have them not we are running down steep places like
" Gadarene swine ; " but he gives us no hint of how
we are to get them. It is perhaps true, that of all
forms of government, a wise and beneficent despotism
may do most for the happiness of the people. But
where are we to find this ? We fear that few rulers
of this stamp have ever existed, or are likely to exist
among the sons of men. Certainly the examples
which Mr. Carlyle has given from our own history
are not calculated to recommend his theory. Crom-
well, a great and sagacious prince, did all in his power
that his government should not be despotic ; great as

1 " Republic," v. 474.


were the merits of William in., a care for the interests
of the people of England was at no time the leading
motive of his policy ; and perilous would be the for-
tunes of a nation which lay at the mercy of the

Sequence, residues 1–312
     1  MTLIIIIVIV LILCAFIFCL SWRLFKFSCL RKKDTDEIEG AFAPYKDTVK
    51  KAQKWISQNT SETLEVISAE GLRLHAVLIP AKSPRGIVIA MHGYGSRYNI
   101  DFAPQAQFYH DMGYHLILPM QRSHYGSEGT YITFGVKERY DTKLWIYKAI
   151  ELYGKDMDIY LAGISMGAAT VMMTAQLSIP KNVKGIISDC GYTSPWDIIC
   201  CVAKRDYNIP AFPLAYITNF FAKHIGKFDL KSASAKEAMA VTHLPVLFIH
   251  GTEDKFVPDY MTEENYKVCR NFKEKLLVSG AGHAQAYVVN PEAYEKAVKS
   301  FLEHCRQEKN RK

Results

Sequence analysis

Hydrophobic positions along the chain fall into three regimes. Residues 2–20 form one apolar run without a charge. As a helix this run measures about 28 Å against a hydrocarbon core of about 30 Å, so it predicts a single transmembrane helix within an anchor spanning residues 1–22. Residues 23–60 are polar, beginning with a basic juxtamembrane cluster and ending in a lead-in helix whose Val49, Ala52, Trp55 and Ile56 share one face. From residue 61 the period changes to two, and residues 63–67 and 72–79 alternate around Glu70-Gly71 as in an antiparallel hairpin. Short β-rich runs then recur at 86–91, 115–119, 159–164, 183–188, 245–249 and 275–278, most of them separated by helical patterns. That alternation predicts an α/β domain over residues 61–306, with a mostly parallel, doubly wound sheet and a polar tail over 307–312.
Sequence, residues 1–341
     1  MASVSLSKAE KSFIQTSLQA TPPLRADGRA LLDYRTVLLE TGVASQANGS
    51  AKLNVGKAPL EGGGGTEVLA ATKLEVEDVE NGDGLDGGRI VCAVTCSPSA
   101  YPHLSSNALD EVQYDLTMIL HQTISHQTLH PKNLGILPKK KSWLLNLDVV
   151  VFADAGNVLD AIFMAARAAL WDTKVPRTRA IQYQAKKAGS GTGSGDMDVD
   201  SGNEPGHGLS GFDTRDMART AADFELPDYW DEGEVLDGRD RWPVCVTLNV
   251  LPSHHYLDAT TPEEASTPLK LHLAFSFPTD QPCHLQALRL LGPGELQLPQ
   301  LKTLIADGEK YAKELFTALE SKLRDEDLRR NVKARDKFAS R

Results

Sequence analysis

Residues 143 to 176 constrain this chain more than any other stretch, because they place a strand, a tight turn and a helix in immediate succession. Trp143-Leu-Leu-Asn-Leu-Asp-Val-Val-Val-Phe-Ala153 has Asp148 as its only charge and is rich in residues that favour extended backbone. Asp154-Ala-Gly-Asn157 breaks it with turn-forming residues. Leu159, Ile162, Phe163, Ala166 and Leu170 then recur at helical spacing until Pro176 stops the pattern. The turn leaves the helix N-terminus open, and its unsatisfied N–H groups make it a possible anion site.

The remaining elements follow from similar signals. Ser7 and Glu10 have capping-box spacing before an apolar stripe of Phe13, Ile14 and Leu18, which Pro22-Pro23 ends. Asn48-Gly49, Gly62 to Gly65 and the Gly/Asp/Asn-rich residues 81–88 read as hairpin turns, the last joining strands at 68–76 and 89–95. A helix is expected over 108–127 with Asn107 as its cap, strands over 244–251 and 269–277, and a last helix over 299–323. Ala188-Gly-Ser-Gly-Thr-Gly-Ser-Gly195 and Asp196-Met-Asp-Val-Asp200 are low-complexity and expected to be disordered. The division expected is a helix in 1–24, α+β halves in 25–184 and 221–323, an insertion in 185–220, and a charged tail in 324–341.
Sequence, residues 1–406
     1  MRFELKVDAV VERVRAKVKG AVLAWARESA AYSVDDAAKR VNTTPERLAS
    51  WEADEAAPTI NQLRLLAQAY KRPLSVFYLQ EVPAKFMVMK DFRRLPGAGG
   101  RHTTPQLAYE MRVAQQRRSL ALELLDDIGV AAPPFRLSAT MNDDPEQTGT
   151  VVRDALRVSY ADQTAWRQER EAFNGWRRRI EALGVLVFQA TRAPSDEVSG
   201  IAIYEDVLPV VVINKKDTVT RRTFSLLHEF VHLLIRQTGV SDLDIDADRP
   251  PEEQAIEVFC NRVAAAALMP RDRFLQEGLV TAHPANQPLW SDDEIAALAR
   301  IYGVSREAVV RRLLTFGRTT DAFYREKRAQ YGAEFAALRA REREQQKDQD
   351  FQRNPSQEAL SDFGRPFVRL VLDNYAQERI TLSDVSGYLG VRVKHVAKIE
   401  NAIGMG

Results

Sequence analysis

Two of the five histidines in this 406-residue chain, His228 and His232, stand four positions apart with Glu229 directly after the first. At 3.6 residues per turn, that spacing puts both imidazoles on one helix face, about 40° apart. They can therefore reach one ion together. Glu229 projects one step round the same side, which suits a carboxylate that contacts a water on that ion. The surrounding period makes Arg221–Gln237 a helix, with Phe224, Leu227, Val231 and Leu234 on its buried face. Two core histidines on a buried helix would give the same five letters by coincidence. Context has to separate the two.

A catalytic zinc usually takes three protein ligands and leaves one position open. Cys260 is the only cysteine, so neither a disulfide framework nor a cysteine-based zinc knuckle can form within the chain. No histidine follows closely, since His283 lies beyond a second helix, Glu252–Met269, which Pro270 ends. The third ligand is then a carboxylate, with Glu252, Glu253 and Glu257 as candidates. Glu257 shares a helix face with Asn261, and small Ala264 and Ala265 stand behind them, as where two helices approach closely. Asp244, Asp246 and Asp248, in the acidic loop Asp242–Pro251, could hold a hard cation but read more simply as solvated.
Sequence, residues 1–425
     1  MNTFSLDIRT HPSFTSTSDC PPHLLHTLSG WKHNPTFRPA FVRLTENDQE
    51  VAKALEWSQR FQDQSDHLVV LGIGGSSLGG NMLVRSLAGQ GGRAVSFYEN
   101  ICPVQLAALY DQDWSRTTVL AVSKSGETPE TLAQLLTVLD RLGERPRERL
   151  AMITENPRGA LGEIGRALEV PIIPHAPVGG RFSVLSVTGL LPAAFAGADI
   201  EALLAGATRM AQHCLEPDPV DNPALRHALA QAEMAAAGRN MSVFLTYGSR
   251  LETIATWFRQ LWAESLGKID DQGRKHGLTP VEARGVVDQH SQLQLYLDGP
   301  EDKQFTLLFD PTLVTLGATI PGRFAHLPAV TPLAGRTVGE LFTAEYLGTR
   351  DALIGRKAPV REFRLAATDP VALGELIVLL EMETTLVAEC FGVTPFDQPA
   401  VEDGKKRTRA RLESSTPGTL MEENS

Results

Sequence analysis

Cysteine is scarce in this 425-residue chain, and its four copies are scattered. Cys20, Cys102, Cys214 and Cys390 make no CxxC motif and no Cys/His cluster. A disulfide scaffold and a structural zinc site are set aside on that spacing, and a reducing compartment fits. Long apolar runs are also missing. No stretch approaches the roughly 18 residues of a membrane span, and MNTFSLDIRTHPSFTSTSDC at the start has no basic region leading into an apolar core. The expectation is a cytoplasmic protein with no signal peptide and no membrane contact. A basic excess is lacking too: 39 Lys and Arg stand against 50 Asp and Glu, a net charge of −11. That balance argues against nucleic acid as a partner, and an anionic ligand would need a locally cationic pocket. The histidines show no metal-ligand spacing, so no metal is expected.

greedy, and traitorous, and all-capable Marlborough.
Pitt's daring enthusiasm saved England in a dark and
troublous hour; but Pitt's career, marred by many
and grievous errors, shows nothing less than the
wisdom and statesman-like sagacity which could
safely be intrusted with uncontrolled power over the
destinies of a nation. No second Pitt, says Mr. Car-
lyle, in a spirit of dismal prophecy, can ever save
England again. But we are not told why. Pitt rose
to power under constitutionalism ; and under a phase
of constitutionalism far less alive to the influence of
genius than that under which we now live. If Mr.
Carlyle would point out the influences which in our
present state of society throw obstacles in the path
of genius, he would do good service ; for such influ-
ences there undoubtedly are. But he does no service
by simply calling his fellow-countrymen swine